Does Print Still Work?

For years, print advertising was king. Magazines, newspapers, direct mail, and other print media dominated the market.

In the past decade, however, digital advertising has slowly taken over. Social media giants like Facebook, Twitter, Instagram, LinkedIn, and YouTube have become host to millions of users daily. Businesses have taken advantage of this, scrambling to buy social media ads. Content marketing, video marketing, and other forms of digital advertising have become more popular as well.

In 2019, the inevitable finally occurred: digital ad spend outstripped traditional ad spend for the first time.

After all, digital ads are immediate. They are sometimes less expensive, potentially reach a larger number of people, and can be more easily customized.

And that’s why print marketing is dying a slow death.

Or is it?


A Heart Still Beating

Surprisingly, studies have shown that while digital marketing is on the rise, print marketing still retains its effectiveness – when it’s done right.

In 2016, while the digital marketing craze was already obvious, a survey by Marketing Sherpa noted that most consumers trust print ads more than any other advertising channel

Not only that, but a neuromarketing study put out by Temple University found that readers remember information from physical ads much more quickly and confidently than digital ads, and their emotional response to print ads is stronger as well.

So what makes print ads so powerful?

Studies have shown that reading digital text requires substantially more cognitive effort than reading printed text. The brain sees the internet as a smorgasbord of ideas, as a vehicle for multitasking, and as a source of entertainment and diversion. Pop-ups and low-quality content abound. All of this primes the brain to become more distracted, less focused, and more fatigued while reading online text.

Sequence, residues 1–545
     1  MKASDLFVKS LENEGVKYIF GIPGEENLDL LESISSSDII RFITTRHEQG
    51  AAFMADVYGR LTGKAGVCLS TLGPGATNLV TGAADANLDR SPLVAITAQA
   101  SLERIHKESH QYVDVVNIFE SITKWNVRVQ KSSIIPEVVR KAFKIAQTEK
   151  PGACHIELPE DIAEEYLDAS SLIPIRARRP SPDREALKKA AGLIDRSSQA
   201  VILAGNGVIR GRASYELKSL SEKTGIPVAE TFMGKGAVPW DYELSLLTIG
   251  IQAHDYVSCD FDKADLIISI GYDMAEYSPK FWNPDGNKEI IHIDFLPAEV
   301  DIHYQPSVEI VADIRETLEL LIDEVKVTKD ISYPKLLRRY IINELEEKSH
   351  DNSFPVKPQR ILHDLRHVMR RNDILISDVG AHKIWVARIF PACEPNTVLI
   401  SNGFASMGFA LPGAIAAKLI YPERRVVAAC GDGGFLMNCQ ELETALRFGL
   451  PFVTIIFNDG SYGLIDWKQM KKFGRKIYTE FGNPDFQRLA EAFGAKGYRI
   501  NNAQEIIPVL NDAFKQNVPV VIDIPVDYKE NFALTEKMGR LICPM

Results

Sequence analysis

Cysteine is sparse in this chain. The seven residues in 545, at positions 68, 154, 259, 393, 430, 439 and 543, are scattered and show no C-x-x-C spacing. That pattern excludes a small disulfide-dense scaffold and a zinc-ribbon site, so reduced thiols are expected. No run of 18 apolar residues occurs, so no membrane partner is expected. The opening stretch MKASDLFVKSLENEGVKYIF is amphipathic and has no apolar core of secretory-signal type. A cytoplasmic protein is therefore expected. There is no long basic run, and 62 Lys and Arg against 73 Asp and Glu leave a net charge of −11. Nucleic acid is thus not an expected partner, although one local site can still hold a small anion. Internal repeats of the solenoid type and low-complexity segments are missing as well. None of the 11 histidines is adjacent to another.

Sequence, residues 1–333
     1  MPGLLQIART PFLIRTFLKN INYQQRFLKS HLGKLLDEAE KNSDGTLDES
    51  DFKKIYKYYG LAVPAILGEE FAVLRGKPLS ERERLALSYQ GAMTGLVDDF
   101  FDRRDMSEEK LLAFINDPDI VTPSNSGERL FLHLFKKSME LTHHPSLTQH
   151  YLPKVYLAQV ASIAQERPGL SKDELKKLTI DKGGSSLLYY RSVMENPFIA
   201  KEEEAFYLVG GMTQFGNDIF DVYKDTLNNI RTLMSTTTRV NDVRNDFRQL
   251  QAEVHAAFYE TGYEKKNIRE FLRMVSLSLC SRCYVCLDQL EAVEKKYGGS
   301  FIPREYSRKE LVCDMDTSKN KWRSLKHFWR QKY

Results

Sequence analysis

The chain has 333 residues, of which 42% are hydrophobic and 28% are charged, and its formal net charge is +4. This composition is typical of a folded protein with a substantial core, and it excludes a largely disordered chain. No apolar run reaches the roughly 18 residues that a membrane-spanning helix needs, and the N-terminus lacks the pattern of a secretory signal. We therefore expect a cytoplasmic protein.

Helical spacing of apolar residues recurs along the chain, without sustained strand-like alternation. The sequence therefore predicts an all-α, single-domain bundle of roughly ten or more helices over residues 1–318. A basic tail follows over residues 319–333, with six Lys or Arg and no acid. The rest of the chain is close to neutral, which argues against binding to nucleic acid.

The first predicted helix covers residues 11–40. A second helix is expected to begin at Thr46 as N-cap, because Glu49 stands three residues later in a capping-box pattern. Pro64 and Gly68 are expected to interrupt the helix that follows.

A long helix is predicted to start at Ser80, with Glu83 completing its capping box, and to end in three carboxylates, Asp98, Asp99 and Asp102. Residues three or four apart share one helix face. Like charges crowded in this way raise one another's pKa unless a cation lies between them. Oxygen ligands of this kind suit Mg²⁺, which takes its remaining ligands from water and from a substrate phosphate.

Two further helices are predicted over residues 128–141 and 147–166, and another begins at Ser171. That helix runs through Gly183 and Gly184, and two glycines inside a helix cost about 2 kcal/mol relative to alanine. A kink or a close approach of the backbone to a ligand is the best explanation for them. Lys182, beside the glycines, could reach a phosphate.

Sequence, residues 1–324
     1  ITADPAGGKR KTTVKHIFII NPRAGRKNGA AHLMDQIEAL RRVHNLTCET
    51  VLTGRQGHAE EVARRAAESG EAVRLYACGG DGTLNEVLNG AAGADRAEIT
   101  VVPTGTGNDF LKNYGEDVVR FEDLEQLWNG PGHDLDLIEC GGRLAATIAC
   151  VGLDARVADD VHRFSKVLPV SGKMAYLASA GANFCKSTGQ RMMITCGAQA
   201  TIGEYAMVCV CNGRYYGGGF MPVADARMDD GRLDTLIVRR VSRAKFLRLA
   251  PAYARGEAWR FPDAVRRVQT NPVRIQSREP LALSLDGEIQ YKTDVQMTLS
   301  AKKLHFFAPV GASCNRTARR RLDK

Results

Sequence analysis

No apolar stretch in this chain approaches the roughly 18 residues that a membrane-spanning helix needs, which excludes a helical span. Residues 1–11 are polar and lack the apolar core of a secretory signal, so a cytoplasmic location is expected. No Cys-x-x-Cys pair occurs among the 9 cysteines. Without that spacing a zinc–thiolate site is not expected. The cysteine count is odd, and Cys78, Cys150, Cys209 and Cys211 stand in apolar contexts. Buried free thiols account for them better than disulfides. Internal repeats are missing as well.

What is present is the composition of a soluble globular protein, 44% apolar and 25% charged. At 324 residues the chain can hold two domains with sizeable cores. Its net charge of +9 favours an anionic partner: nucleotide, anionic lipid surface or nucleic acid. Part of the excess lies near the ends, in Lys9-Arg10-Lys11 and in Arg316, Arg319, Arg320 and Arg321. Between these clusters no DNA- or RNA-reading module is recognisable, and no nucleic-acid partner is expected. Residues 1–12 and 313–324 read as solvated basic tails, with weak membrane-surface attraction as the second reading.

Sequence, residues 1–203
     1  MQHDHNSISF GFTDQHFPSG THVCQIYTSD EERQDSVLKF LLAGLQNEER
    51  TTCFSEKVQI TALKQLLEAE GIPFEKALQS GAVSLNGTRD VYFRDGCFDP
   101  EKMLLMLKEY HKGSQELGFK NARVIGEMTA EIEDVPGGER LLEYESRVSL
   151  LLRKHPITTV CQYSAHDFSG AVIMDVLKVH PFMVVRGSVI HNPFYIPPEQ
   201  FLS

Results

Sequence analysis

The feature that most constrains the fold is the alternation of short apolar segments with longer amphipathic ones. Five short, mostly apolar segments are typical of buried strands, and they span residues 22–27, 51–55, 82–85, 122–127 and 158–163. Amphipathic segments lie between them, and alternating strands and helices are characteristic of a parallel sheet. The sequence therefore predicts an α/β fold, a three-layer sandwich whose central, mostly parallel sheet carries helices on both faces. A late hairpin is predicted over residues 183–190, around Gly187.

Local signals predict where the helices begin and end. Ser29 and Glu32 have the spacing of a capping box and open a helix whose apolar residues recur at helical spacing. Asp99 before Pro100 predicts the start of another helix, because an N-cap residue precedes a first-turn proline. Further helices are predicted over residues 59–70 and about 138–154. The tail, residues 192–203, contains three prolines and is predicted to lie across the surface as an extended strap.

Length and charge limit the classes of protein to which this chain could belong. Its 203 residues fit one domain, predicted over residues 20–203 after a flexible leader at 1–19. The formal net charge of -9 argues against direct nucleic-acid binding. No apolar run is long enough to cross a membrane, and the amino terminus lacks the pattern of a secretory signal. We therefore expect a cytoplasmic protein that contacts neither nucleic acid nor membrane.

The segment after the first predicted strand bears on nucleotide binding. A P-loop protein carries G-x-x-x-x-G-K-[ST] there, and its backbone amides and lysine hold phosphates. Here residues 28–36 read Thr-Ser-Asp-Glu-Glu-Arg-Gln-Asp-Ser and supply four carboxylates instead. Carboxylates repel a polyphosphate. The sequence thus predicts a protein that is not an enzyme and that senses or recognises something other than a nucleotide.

Reading printed text, on the other hand, is a much more relaxed experience, free of other media trying to capture your attention. Readers are more willing to slow down and process the information in a printed ad. Consequently, they are more capable of responding emotionally to a print ad than they are to an ad in a digital environment.

In addition, readers browsing a magazine are not usually searching for specific information, as they often are when online. Instead, they are organically taking in whatever the medium offers them. They trust print to have higher editorial standards, and therefore see it more credible. And in today’s virtual world, print’s scarcity makes it seem even more trustworthy.

And of course, the rare print ad will be able to make its medium into part of the ad itself.

This ad for Carulla Knives uses rows of newsprint to catch the eye.


This ad for Frontline Flea & Tick Protection is on the floor of a shopping mall. Its location allows shoppers on the lower level to become part of the ad, looking like fleas on the back of an itchy dog.

When Print Works

So when should you choose print over digital media for your ad? You may want to opt for print if you fit into one of the following categories:


  • You have a niche audience, especially one that tends to be less digitally advanced. For example, almost 30% of Americans over age 65 are not Internet users. People in rural areas, those without a high school diploma, and certain religious or cultural groups may be less likely to be online as well. Print advertisements will be more likely to reach these readers than their digital counterparts.


  • You are targeting a luxury market. Print is physical, luxurious. People can take it anywhere, even places where there is no wifi. It also stands out from the digital background that seems to be everywhere. Think about a full-page ad, filled with vibrant colors, printed on glossy paper. There is no way to recreate that feeling on a screen. That’s why those in the travel, hospitality, and other luxury industries, might be more likely to opt for print ads than digital ones.
It looks good… but not as good as it looks in print


  • You want to impress potential clients or customers. As the proliferation of digital increases, people receive and consume less print, so anything tangible stands out more. One software company sent me a glass maze with my company logo on it, and offered me free lunch to talk to them. I declined, but it definitely got my attention.